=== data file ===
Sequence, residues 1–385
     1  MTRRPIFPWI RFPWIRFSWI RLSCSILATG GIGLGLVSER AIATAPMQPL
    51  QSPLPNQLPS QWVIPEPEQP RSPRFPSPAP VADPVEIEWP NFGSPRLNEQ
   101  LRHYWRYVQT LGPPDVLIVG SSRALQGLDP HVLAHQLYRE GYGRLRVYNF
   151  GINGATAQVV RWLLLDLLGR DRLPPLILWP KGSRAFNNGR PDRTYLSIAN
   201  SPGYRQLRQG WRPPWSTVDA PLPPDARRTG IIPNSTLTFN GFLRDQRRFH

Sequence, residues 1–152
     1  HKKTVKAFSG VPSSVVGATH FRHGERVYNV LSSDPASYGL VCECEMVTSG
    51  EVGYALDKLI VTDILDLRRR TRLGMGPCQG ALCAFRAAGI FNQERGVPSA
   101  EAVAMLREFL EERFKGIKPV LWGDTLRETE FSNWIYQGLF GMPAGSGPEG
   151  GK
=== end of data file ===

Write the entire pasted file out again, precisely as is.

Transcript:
Sequence, residues 1–385
     1  MTRRPIFPWI RFPWIRFSWI RLSCSILATG GIGLGLVSER AIATAPMQPL
    51  QSPLPNQLPS QWVIPEPEQP RSPRFPSPAP VADPVEIEWP NFGSPRLNEQ
   101  LRHYWRYVQT LGPPDVLIVG SSRALQGLDP HVLAHQLYRE GYGRLRVYNF
   151  GINGATAQVV RWLLLDLLGR DRLPPLILWP KGSRAFNNGR PDRTYLSIAN
   201  SPGYRQLRQG WRPPWSTVDA PLPPDARRTG IIPNSTLTFN GFLRDQRRFH

Sequence, residues 1–152
     1  HKKTVKAFSG VPSSVVGATH FRHGERVYNV LSSDPASYGL VCECEMVTSG
    51  EVGYALDKLI VTDILDLRRR TRLGMGPCQG ALCAFRAAGI FNQERGVPSA
   101  EAVAMLREFL EERFKGIKPV LWGDTLRETE FSNWIYQGLF GMPAGSGPEG
   151  GK